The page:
Published November 20, 2014
A suicide bomber detonated explosives outside a mosque packed with senior regional officials in northern Afghanistan on a major Muslim holiday Friday, killing 41 people. The officials escaped unhurt, and many of the dead were soldiers and police.
The attack was the latest in a series of deadly strikes in recent weeks against Afghan army, police and government officials. The choice of targets suggests that the insurgents are increasingly turning against Afghan authorities and security forces now that NATO is drawing down toward a final withdrawal of foreign combat troops in 2014.
Deaths of Afghan police and soldiers are higher this year than last year, according army spokesman Gen. Mohammad Zaher Azimi. Although the Taliban have claimed responsibility for a parallel sharp increase in attacks by Afghan servicemen on their foreign colleagues, the overall number of coalition deaths has been noticeably lower than last year.
Health Minister Soraya Dalil said 41 people were killed and 56 wounded in Friday's attack.
At least 14 civilians were among the dead, just two days after Taliban leader Mullah Mohammad Omar urged his fighters to "pay full attention to the prevention of civilian casualties" because he said the enemy was trying to blame them on the insurgents. Taliban attacks account for the vast majority of civilian casualties in the war, according to the U.N.
There was no immediate claim of responsibility for the suicide bombing outside the mosque. The attack took place in the town of Maymana, capital of northern Faryab province, where the Taliban and allied militant groups have been active far from their traditional strongholds in southern and eastern Afghanistan.
The bomber struck after top provincial officials, including the governor and the police chief, had assembled inside the mosque to celebrate the Eid al-Adha holiday. The blast went off in the middle of a large crowd that included police and soldiers waiting for the dignitaries to remerge.
"The targets of the bomber were all the officials inside the mosque," Deputy Governor Abdul Satar Barez said. Nobody inside the mosque was reported hurt. The carnage was all outside.
"There was blood and dead bodies everywhere," said Khaled, a doctor who was in the mosque at the time of the blast and who, like many Afghans, uses only one name. "It was a massacre," said Khaled, who like many Afghans uses only one name.
Video from the scene showed the motionless bodies of several soldiers and policemen lying next to their vehicles parked on a tree-lined avenue of the city, located about 500 kilometers (300 miles) northwest of the capital, Kabul. On the sidewalk, civilians were lying along the mosque's outer wall, some writhing and moaning in pain.
Friday's bombing took place at roughly the same time as Afghan President Hamid Karzai was taping his Eid al-Adha televised message to the nation. In the address, Karzai urged Taliban insurgents "to stop killing other Afghans" and "stop the destruction of our mosques, hospitals and schools."
Later, Karzai issued a statement saying those who carried out Friday's attack were "enemies of Islam and humanity."
The NATO-led coalition's commander, U.S. Gen. John R. Allen, also condemned the attack.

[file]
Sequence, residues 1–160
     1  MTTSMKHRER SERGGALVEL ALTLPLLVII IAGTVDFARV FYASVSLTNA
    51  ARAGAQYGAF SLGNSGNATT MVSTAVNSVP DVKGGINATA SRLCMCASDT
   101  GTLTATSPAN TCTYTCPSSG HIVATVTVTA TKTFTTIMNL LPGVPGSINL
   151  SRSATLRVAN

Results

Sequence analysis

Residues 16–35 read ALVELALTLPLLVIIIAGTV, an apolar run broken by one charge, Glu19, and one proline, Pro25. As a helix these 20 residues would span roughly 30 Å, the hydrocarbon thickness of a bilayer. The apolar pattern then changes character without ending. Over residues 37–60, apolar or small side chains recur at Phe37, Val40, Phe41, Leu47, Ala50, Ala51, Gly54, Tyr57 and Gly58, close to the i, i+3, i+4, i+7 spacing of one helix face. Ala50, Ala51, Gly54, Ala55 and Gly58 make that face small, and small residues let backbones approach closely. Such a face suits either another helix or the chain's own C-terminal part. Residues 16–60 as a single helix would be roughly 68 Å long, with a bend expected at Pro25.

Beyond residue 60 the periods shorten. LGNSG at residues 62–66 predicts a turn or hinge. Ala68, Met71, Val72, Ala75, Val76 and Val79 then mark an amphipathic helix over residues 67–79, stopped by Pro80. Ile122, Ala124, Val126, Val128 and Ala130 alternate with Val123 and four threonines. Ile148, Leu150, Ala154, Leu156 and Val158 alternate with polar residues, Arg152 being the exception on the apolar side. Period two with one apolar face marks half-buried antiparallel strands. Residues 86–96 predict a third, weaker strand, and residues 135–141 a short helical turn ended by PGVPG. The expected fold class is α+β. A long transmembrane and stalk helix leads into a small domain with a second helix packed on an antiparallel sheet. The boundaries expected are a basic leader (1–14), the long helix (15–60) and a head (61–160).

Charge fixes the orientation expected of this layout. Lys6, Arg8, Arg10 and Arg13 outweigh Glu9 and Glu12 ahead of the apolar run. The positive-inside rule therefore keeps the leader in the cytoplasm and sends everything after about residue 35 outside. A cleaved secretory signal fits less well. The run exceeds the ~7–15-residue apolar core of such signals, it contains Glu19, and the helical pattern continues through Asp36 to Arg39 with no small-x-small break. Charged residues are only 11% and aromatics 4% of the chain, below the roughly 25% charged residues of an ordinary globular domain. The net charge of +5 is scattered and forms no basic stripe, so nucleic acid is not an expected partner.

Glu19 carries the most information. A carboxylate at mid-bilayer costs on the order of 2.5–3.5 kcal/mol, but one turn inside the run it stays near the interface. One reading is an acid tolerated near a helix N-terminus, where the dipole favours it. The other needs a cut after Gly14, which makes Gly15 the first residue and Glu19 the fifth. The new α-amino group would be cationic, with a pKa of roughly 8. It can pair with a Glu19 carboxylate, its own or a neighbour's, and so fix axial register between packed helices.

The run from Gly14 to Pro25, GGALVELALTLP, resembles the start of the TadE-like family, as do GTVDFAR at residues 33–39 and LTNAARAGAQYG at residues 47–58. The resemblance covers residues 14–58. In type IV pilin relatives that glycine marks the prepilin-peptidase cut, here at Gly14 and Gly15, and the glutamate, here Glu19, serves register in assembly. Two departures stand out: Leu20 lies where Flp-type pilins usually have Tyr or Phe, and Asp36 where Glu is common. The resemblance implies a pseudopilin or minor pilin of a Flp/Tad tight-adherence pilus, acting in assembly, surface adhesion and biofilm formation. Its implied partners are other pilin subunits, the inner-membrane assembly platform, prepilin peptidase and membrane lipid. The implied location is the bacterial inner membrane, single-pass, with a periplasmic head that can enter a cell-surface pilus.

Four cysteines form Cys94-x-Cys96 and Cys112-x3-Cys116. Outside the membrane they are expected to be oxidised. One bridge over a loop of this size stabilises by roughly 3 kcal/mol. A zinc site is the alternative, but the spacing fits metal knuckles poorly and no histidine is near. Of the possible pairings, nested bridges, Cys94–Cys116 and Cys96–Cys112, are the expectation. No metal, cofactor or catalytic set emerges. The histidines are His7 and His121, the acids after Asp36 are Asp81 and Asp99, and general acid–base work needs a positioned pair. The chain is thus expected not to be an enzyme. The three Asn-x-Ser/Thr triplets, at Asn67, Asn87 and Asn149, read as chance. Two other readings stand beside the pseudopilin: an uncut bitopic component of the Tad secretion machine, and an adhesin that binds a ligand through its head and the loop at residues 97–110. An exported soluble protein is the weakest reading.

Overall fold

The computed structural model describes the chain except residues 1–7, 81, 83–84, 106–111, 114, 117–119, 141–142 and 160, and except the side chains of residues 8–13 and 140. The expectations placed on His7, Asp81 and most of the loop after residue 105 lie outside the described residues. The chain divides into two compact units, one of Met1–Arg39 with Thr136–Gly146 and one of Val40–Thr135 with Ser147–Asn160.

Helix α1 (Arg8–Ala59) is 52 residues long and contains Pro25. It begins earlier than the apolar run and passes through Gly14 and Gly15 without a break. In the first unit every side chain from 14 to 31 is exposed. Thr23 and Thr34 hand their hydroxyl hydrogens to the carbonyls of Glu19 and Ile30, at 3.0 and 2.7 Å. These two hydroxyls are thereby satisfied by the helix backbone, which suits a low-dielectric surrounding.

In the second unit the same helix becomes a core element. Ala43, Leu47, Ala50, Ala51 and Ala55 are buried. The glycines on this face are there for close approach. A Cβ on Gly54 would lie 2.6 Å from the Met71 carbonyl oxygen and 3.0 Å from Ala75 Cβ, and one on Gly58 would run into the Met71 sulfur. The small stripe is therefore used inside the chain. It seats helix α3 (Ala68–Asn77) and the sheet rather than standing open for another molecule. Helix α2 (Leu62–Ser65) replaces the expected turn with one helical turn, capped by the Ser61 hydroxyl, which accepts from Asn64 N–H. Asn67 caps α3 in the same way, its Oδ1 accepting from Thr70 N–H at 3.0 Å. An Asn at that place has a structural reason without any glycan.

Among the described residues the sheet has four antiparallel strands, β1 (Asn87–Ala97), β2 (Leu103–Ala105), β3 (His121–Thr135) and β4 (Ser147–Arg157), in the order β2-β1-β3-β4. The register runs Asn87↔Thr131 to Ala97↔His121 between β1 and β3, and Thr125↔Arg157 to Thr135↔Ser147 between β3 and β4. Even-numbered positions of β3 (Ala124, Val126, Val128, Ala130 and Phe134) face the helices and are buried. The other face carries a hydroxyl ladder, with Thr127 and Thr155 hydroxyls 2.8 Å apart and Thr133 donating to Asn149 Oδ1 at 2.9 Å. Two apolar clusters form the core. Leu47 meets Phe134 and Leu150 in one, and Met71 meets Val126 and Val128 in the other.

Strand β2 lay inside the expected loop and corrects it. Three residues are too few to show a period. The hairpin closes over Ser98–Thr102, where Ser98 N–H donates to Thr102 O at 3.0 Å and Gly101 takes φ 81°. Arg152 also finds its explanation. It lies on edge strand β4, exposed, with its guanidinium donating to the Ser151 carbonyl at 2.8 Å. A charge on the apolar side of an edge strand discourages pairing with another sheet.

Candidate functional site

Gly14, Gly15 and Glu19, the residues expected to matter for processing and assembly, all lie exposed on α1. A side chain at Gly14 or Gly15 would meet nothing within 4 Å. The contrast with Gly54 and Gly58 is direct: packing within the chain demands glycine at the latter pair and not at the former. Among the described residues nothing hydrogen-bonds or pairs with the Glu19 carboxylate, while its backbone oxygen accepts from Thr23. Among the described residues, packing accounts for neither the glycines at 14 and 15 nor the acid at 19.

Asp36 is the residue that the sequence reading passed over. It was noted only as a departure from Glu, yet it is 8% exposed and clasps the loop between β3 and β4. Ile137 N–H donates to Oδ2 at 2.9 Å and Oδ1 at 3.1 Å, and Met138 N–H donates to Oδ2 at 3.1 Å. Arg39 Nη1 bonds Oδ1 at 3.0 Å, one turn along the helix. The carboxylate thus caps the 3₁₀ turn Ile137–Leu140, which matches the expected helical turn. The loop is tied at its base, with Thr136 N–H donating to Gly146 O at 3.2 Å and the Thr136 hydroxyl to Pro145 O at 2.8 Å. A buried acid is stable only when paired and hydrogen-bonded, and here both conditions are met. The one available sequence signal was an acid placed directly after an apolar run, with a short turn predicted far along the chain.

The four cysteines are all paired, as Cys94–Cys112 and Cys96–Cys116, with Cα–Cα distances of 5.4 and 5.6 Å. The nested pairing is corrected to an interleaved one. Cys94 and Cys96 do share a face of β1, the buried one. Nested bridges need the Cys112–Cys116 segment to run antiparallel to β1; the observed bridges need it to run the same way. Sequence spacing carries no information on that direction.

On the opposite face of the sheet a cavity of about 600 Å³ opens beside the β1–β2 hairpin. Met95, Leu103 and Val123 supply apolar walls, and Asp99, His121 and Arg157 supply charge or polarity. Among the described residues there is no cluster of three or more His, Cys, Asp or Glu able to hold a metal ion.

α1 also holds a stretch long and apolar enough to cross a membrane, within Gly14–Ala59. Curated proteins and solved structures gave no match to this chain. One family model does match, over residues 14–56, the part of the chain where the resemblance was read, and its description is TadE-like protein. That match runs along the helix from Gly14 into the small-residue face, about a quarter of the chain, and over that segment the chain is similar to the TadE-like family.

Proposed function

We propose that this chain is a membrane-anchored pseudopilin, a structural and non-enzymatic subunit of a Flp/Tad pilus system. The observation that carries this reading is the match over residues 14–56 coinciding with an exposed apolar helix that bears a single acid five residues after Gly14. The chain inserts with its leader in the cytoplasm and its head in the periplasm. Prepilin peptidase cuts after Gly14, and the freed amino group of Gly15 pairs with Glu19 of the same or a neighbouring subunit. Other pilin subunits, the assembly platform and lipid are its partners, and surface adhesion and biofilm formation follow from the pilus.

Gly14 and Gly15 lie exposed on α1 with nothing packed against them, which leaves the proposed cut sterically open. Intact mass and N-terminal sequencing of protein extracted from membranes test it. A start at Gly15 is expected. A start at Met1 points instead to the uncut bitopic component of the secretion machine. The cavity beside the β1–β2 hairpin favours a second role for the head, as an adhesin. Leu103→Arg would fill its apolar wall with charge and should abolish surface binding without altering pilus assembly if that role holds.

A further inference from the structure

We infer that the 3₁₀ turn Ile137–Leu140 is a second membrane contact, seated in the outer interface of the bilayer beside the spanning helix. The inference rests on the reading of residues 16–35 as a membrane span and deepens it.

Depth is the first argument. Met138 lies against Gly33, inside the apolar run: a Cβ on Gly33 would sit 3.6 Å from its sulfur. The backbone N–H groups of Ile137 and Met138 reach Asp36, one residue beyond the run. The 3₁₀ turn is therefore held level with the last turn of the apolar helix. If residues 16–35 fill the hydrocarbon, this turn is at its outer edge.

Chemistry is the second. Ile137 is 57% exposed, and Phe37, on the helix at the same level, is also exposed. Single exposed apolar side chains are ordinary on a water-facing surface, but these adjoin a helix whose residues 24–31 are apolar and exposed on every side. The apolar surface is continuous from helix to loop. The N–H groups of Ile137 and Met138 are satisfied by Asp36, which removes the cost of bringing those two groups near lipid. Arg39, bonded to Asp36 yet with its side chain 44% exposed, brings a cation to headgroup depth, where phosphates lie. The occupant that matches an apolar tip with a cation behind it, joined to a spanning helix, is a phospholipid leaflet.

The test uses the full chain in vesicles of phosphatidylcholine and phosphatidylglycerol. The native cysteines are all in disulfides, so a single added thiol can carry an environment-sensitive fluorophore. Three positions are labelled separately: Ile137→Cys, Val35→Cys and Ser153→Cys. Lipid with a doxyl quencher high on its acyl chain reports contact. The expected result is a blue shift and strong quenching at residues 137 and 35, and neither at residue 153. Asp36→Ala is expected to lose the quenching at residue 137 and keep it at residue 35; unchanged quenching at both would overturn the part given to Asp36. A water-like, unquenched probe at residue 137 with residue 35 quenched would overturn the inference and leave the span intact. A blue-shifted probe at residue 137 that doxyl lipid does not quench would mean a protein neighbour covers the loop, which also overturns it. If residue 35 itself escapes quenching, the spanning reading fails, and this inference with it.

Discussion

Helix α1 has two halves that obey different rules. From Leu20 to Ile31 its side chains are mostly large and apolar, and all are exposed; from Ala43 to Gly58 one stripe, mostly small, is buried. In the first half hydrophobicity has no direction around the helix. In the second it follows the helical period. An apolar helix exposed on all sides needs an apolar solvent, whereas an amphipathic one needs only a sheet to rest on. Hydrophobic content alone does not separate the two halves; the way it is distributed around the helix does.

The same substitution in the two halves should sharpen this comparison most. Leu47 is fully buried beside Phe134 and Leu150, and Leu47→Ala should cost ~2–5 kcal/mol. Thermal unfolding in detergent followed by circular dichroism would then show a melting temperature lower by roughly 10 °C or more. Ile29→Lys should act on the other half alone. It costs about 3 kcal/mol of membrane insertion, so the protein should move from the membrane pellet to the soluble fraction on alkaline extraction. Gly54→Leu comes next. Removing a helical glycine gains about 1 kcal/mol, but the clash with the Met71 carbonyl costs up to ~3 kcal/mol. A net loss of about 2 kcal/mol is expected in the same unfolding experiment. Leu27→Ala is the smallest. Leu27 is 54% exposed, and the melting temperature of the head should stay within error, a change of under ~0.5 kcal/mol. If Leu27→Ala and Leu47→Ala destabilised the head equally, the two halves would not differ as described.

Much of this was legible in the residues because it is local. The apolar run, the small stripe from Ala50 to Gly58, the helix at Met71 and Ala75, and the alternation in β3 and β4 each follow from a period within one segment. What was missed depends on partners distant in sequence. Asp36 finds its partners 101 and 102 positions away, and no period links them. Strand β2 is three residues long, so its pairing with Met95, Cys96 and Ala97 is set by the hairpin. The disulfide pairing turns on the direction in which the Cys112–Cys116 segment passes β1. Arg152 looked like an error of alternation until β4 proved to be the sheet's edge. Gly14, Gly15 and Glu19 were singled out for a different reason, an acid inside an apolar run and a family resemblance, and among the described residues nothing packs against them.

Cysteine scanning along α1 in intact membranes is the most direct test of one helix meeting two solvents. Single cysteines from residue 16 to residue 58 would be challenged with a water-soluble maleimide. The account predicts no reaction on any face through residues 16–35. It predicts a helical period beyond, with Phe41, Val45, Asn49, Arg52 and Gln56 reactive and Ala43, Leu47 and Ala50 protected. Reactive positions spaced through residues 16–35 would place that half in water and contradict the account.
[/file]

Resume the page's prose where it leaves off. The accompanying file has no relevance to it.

"This violence undertaken at a place of worship, and during Eid, once again shows the insurgency's callous hypocrisy and disregard for religion and faith," Allen said in a statement.
Insurgents have staged numerous suicide bombings at mosques during the 11-year war.
The deadliest such attack took place last December in Kabul, with 56 Shiite Muslim worshippers killed and 160 wounded. Lashkar-e-Jhangvi, a Pakistan-based Sunni Muslim group, claimed responsibility.
On Sept. 4, 25 civilians were killed and more than 35 wounded in an attack on a mosque in Nangarhar province. That attack targeted a district chief as he and a group of people were heading from the mosque to a cemetery. The district chief survived but his son did not.
The attacks on Afghan officials indicate that the Taliban are trying to exploit NATO plans to withdraw its roughly 100,000 troops from the country by the end of 2014, leaving security in the hands of the 352,000-strong Afghan army and police. There are serious questions about the ability of the newly trained security forces to combat the insurgency, which even the U.S.-led coalition has not been able to stamp out.
At the same time, the spate of so-called insider attacks has undermined trust between international troops and Afghan army and police, further weakened public support for the war in NATO countries and increased calls for earlier withdrawals.
On Friday, the Taliban claimed responsibility for the deaths of two American service members in southern Uruzgan province the day before.
In an emailed statement, Taliban spokesman Yusuf Ahmadi said a member of the Afghan security forces shot the two men and then escaped to join the insurgents.
Maj. Lori Hodge, spokeswoman for U.S. forces in Afghanistan, said Thursday that authorities were trying to determine whether the latest attacker was a member of the Afghan security forces or an insurgent who donned a government uniform.
It was the second suspected insider attack in two days. On Wednesday, two British service members and an Afghan policeman were gunned down in Helmand province.
Before Thursday's assault, 53 foreigners attached to the U.S.-led coalition had been killed in attacks by Afghan soldiers or police this year.
Associated Press writer Slobodan Lekic in Kabul contributed to this report.